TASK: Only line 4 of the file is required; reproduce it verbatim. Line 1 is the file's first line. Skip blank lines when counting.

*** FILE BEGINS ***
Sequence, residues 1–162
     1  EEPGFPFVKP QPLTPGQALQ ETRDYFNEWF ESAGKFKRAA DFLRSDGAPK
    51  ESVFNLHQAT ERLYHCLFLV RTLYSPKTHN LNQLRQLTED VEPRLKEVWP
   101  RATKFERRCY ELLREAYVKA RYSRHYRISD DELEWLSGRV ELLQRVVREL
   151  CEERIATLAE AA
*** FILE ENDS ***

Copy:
   101  RATKFERRCY ELLREAYVKA RYSRHYRISD DELEWLSGRV ELLQRVVREL